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Fish #186 Atlantic Bluefin Tuna Thunnus thynnus ~ Jo Mortimer
Fish #186 Atlantic Bluefin Tuna Thunnus thynnus ~ Jo Mortimer
Digital print + Acrylic Ink painting 28 x 35 cm
There's a tear underwater, shadows
breaking loose. Blue on blue.
School's out and tuna
are on the move.
Each a weightless heft
of muscle and bone.
Eyes flush to skin,
fired by the machinery
of stars and moon.
Blood banging in their head
as they sense shoals
of mackerel and herring.
Shifting up a gear they become
a blur in their fragile world.
The Atlantic bluefin tuna (Thunnus thynnus) is a species of tuna in the family Scombridae. It is variously known as the northern bluefin tuna, giant bluefin tuna (for individuals exceeding 150 kilograms or 330 lb) and formerly as the tunny. Atlantic bluefin are native to both the western and eastern Atlantic Ocean, as well as the Mediterranean Sea. Atlantic bluefin have become extinct in the Black Sea. It may exceed 450 kg (990 lb) in weight. Besides their commercial value as food, the great size, speed, and power they display as apex predators has attracted the admiration of fishermen, writers, and scientists.
The Atlantic bluefin tuna has been the foundation of one of the world's most lucrative commercial fisheries. Medium-sized and large individuals are heavily targeted for the Japanese raw fish market, where all bluefin species are highly prized for sushi and sashimi. This commercial importance has led to severe overfishing. The International Commission for the Conservation of Atlantic Tunas (ICCAT) affirmed in October 2009 that Atlantic bluefin tuna stocks have declined dramatically over the last 40 years, by 72% in the Eastern Atlantic, and by 82% in the Western Atlantic.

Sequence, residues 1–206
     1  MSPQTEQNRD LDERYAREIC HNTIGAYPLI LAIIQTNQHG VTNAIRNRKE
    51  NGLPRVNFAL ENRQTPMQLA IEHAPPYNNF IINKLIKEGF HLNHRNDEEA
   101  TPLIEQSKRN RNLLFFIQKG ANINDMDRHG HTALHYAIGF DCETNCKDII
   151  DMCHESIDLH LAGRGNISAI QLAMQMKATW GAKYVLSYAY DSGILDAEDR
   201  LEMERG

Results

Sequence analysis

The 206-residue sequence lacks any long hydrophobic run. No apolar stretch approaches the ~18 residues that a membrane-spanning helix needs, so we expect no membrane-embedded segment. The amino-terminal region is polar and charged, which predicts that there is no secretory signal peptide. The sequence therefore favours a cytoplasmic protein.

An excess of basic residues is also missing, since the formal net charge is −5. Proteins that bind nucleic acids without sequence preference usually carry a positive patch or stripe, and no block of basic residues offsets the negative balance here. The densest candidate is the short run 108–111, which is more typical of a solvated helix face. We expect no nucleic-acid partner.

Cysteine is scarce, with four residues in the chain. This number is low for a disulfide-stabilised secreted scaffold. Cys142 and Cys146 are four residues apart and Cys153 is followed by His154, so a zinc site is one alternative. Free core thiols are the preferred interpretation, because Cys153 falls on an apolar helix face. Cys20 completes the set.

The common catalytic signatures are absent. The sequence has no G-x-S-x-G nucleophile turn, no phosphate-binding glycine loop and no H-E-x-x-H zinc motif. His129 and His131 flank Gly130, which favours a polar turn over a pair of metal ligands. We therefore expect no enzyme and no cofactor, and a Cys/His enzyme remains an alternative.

Most bluefin are captured commercially by professional fishermen using longlines, purse seines, assorted hook-and-line gear, heavy rods and reels, and harpoons. Recreationally, bluefin has been one of the most important big-game species sought by sports fishermen since the 1930s, particularly in the United States, but also in Canada, Spain, France and Italy.
The body of the Atlantic bluefin tuna is rhomboidal in profile and robust. The head is conical and the mouth rather large. The head contains a "pineal window" that allows the fish to navigate over its multiple thousands-of-miles range. The colour is dark blue above and grey below, with a gold coruscation covering the body and bright yellow caudal finlets.
Fully mature adult specimens average 2-2.5 m (6.6-8.2 ft) long and weigh around 225-250 kg (496-551 lb). The largest recorded specimen taken under International Game Fish Association rules was caught off Nova Scotia, an area renowned for huge Atlantic bluefin, and weighed 679 kg (1,497 lb) and 3.7 m (12 ft) long. They reach maturity relatively quickly. In a survey that included specimens up to 2.55 m (8.4 ft) in length and 247 kg (545 lb) in weight, none was believed to be older than 15 years. However, very large specimens may be up to 50 years old.